The Commission does not customarily dismiss cases simply because a similar or identical complaint has been filed in another forum. Dismissal without an analysis of whether the resolution of the complaint in the different forum meets the interests of the Commission would act as an abdication of the Commission's responsibilities under the ordinance.

Despite the above discussion, the Hearing Examiner determines that staying these proceedings at this time is not in the interests of the Commission. The parties have completed all the work necessary for the Hearing Examiner to address the jurisdictional issue. The Hearing Examiner has reviewed the materials submitted by the parties. There is little administrative savings to be had under the circumstance. The outcome of the District Court complaint may have little effect on the administrative resources to be utilized by the Commission. If the Complainant were to lose, in whole or in part, in District Court, it is likely that he would be back before the Commission seeking processing of this complaint. The Hearing Examiner would have to make the jurisdictional determination at that time. It is only in the circumstance of a total victory by the Complainant in District Court that the Commission is likely not to have to exercise any further jurisdiction. While the Commission could wait for this outcome, there is no compelling reason to do so. The Complainant alleges that his suspension from the position of tenured professor and the termination of his graduate student privileges at the University of Wisconsin occurred as a result of his religious beliefs. In furtherance of his contentions, the Complainant has filed claims alleging discrimination, amongst other things, with the United States District Court, the Wisconsin Personnel Commission, Circuit Court for Dane County and the Commission. While the majority of these complaints allege discrimination on the part of the Complainant's employer, the University of Wisconsin-Madison, the complaint before the Commission singles out three individual respondents alleging that they discriminated against the Complainant in his employment on the basis of his religious beliefs. Except for singling out the three individual respondents, the allegations in all forums appear to be virtually identical.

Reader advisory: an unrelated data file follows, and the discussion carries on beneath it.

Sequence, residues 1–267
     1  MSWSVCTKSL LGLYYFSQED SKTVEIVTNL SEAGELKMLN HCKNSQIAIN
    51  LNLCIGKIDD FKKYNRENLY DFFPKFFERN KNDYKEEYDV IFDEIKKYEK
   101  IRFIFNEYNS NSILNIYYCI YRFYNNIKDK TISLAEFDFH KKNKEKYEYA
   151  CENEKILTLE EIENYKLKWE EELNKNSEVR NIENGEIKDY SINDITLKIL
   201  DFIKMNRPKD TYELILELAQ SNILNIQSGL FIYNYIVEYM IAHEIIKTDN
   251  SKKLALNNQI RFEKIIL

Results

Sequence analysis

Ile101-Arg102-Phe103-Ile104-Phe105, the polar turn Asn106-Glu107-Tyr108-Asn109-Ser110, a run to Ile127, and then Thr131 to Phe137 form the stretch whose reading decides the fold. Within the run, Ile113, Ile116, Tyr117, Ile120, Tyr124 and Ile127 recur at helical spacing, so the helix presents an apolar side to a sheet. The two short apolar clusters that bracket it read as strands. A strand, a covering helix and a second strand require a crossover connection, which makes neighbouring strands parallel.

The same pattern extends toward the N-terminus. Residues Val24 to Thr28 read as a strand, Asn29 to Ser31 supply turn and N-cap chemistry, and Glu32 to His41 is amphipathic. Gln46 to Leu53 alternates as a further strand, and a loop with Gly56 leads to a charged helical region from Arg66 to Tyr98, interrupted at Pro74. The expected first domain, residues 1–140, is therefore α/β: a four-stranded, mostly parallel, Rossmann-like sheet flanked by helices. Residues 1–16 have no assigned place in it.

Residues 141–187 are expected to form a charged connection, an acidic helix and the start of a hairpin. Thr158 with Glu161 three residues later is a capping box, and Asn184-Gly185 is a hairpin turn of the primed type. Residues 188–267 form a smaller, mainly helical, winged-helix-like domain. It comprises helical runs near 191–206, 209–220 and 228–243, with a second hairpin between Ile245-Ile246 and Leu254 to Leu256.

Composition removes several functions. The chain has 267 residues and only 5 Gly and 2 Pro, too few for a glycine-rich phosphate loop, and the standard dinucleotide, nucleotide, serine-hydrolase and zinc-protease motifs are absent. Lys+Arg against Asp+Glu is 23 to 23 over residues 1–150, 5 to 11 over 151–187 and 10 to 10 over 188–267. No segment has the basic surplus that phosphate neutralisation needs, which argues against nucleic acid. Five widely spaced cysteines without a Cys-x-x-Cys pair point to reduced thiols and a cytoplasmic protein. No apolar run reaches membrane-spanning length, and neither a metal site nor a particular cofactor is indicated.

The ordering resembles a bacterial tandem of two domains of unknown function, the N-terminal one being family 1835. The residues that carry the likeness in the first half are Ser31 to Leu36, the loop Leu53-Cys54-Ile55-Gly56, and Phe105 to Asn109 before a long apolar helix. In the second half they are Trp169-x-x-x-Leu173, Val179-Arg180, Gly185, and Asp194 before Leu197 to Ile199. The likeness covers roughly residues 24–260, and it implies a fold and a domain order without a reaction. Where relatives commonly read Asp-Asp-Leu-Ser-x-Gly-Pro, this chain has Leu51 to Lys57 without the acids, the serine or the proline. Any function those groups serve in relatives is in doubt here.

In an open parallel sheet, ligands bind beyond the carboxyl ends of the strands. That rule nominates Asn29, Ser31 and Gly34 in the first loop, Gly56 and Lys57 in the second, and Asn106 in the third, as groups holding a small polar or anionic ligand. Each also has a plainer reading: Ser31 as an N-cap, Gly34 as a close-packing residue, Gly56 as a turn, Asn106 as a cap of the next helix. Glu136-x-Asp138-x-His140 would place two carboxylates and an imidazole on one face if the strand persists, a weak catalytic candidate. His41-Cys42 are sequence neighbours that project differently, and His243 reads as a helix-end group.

The Complainant concedes that the Commission does not have jurisdiction to process a complaint naming an agency of the State of Wisconsin such as the University of Wisconsin-Madison. The Complainant attempts to avoid this jurisdictional bar by naming three individual employees of the University as respondents rather than their employer. Of these three respondents the Complainant only makes any specific allegation of discrimination towards David Ward. In this connection, the Complainant states that Ward issued the decision that imposed the suspension and termination of privileges. The complaint in no way explains how John Wiley or Bahaa Saleh have acted in any discriminatory manner. For this reason alone, the complaint must be dismissed as to Wiley and Saleh. The Hearing Examiner can take a guess as to the alleged discriminatory acts of Wiley and Saleh but it would be inappropriate to do so. It is the Complainant's burden to set out a prima facie case of discrimination in his complaint. Rules of the Commission 5.141. As to Wiley and Saleh he fails to do so by not indicating in what manner they allegedly discriminated against the Complainant.

Dismissal of the complaint as to Wiley and Saleh would necessarily be without prejudice. The Complainant would be allowed to refile his complaint as to those parties if he could do so within the period prescribed by Sec. 3.23(9)(c)1. However, since the Hearing Examiner concludes that the Commission is without jurisdiction over this dispute, the complainant can only refile if he can state a claim that clearly falls within the Commission's jurisdiction.